NEW DELHI: As treacherous as it may sound but as the 5th anniversary of the January 25 uprising approaches, Egypt is ready for what could be its toughest crackdown in history. The fear is so palpable that when the two Egyptian activists Ali al-Khouly and Mohamed Ali just sat down for a cup of coffee in plainclothes, they were arrested by the police who wanted to know their plans for January 25.

The likelihood of another protest, in spite of social media networking still prevalent in Egypt, is very low. There are thousands of political activists arrested without any reason, hundreds of political journalists behind the bars. With numerous members of Muslim Brotherhood arrested and killed, even this grassroots’ organization has limited reach. On top of that, the present youth of Egypt, is disillusioned with how the January 25 revolutions actually took place with no concrete result following up.

In spite of ending the 30-year old rule of Mubarak’s regime, Egypt is now controlled, more strictly and vehemently by the army state under the rule of Sisi. But the paranoia within the government can be felt. In the recent days, the police has been conducting mass searches of flats in down-town Cairo area as well as near the Tahrir Square, which was the epicenter of the January 25 uprisings. A publishing house and four cultural centers were raided and shut down. Various activists promoting protests have also bumped up against Egypt’s so-called anti-protest law, which requires citizens to obtain a state permit before holding a public gathering of 10 or more people.

The regime of Sisi has arrested 47 administrators of Facebook pages which have been critical of the government, sending a clear message to the country – Monday, January 25, which marks the 5th anniversary of the Arab Spring in Egypt, is just another day. Sisi recently gave a televised address asking the citizens why they wanted to ruin the country with another revolution.

Well, it was just not the self-immolation of Mohammed Bouzazi in Tunisia that has sparked the outrage in Egypt, galvanizing into a major force. It was the high demographic youth bulge, the precarious economic conditions, the low standard of living and the high rate of unemployment. All these curses continue to haunt the Egyptians even today, with the Sisi government unable to tackle these burgeoning issues, thereby corroding its political legitimacy.

The economic morass has been coupled with the rise of Islamic State-inspired insurgency that had been previously confined to the Sinai Peninsula but now has grown to include sporadic attacks in Cairo— definitely a tremendous blow to Mr. Sisi’s image as a security-minded military man.

Meanwhile, the Ministry of Religious Endowments has been carrying out Friday sermons, explicitly warning against any kind of gathering this January 25th. One sermon, titled as “The Blessing of Safety and Security” directly stated how those who strike against the government are committing a sin in the eyes of the God.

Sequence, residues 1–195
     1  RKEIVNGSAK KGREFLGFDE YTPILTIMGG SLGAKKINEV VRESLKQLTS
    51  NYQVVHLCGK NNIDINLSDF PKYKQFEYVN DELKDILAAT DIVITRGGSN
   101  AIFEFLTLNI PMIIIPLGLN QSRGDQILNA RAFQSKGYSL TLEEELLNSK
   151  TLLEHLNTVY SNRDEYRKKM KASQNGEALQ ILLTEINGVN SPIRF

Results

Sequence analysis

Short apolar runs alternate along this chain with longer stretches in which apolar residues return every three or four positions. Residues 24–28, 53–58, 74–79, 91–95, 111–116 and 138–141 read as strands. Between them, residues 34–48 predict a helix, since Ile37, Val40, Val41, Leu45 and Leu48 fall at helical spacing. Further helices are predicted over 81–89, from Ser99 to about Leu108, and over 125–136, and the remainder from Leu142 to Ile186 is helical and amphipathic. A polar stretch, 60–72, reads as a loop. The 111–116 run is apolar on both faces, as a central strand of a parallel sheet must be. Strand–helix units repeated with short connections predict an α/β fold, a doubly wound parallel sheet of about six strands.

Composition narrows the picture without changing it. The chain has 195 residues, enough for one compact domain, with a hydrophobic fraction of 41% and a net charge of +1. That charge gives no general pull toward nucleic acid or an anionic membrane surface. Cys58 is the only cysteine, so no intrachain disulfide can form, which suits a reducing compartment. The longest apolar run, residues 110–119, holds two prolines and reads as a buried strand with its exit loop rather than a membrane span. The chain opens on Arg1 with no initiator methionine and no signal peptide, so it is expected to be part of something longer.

Currently, there have been no formal calls to mark the anniversary with mass demonstrations by any group in Egypt, and most Egyptians expect the anniversary to pass quietly. But individual members of the outlawed Muslim Brotherhood, mostly in exile, have urged their supporters to hit the streets. Small Facebook groups run by leftist activists have also appeared in recent months calling for another uprising on Jan. 25.

Social media in Egypt has buzzed with praise for the revolution that toppled Hosni Mubarak in 2011, with the phrase “I participated in the January revolution” topping social media trends over the past two days. According to the activists, the social media campaign seeks to counter official information that has demonized the revolution. “The regime succeeded in controlling the media to give the idea that the revolution was a conspiracy,” reads the statement.

But Al-Sayed al-Badawi, chairman of the liberal Al-Wafd party, said fears over Jan. 25 are exaggerated. “This is not the first time we hear concerns about the revolution’s anniversary and then nothing happens,” he said. “Security forces are blowing the whole issue out of proportion, and I am positive nothing will happen since Egyptian people will not be deceived into taking part in protests organized by factions that plot against the state.”

Ali Maher, a member of the April 6 Youth Movement politburo, accused the state of fabricating conspiracies in order to target revolutionaries. “How can this happen while the current regime is only in power thanks to the Jan. 25 revolution?”

Nevertheless, the state is literally exaggerating its fear of another uprising this January 25th, when the entire machinery of causing such kind of upheaval is not present as of now.

(The writer is a PhD scholar in Jawaharlal Nehru University, New Delhi)